The continued trend in e-discovery to manage growing litigation costs Some estimates calculate the cost of discovery involving electronically stored information (ESI) as half or more of the litigation budget. To manage that cost, firms are continuing to evaluate and invest in e-discovery technologies and solutions. Both within the United States and globally, strict compliance standards have recently been rolled out in the financial services sector, with the goal of avoiding another economic crisis similar to what happened after 2009. The Dodd-Frank Wall-Street Reform and Consumer Protection Act, Basel III and Solvency II have specific liquidity and capital requirements for financial services institutions. The implementation required for the new rules could cost some of the larger U.S. banks up to $100 million, depending on the approach taken. COMPETENCIES FOR THE CHANGE-CAPABLE ORGANIZATION Change Management For significant, enterprise-scale initiatives, managing change is a critical success factor. According to the Wharton School of the University of Pennsylvania Executive Education Program on Leading Organizational Change, Researchers estimate that only about 20 to 50 percent of major corporate reengineering projects at Fortune 1000 companies have been successful. Mergers and acquisitions fail between 40 to 80 percent of the time. Recent surveys show that large-scale technology deployments are, on average, two times over budget. But even at the smaller scale, holistic organizational readiness is an important component for success. Unfortunately, this competency is often overlooked until the project is declared a failure for not having met management expectations. Consistently, executives have ranked a number of reasons for the failure of change: organizational unpreparedness, lack of sponsorship and commitment at multiple levels, and poor management of the program. Addressing these and other factors at the outset by scoring the readiness and prioritization of particular initiatives across areas such as technology, training, communication and more, firms can develop a heat map of initiatives on which they are most prepared to embark. Those that score highest have both the greatest likelihood of success and impact to the organization. From there, the change management plan is developed, with stakeholders engaged and prepared to manage the scale, duration, and importance of the program. Change Management in Action The fastest-growing technology initiatives, such as cloud computing and mobilitywhile initially driven at the CIO levelare making strides outside the IT department with value to the line of business that translate into faster time to market. For adoption of these technologies to successfully take hold, a number of key factors need to be evaluated and planned for: changes to the business process, responsiveness and acceptance by internal and external stakeholders, and impact to corporate or regulatory compliance. Ignoring these could spell disaster and undermine customer and investor trust.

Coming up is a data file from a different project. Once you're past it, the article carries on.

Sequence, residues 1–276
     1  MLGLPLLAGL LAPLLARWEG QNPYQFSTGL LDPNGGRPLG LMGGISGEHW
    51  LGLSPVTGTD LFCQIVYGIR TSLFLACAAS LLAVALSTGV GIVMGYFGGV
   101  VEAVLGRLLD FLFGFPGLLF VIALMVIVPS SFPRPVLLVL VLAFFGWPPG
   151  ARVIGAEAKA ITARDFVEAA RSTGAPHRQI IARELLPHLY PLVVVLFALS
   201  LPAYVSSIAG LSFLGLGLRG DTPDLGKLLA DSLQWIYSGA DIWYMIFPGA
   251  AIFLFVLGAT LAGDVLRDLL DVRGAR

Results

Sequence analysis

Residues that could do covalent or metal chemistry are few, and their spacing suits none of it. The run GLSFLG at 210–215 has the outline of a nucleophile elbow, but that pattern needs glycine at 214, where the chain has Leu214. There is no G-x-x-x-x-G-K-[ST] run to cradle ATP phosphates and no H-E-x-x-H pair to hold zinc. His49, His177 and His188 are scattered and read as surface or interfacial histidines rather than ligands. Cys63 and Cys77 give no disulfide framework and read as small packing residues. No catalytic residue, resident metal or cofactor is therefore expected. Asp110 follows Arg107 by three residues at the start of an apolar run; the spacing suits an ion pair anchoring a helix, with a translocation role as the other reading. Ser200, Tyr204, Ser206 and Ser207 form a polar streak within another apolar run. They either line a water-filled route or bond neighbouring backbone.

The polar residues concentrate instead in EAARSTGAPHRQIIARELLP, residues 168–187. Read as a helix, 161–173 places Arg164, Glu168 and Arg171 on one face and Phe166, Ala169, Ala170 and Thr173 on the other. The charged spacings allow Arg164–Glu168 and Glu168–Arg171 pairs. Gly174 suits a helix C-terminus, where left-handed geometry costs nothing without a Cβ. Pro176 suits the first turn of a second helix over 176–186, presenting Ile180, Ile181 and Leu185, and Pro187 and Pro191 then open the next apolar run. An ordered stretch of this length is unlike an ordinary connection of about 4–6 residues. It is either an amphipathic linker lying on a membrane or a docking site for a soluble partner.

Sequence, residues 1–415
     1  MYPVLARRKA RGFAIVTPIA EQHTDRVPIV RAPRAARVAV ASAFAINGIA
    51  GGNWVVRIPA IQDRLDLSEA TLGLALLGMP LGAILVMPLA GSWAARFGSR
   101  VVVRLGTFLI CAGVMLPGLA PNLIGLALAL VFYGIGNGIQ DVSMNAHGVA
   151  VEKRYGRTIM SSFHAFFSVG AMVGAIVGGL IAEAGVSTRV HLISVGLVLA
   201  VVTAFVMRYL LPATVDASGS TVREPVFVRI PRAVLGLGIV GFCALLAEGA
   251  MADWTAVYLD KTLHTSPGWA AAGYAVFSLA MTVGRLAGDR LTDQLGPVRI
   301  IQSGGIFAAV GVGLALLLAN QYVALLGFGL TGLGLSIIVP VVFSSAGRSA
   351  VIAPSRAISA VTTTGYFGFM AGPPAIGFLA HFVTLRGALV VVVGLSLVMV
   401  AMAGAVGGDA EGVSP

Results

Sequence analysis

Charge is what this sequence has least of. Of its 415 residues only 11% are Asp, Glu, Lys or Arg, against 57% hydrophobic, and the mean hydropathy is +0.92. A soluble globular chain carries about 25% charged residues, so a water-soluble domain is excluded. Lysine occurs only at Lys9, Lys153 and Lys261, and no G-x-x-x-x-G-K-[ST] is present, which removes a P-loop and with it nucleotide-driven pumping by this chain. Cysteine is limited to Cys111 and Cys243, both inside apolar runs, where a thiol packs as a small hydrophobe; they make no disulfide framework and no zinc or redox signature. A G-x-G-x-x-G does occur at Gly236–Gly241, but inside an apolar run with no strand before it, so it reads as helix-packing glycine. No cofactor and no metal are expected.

Consistently, executives have ranked a number of reasons for the failure of change: organizational unpreparedness, lack of sponsorship and commitment at multiple levels, and poor management of the program.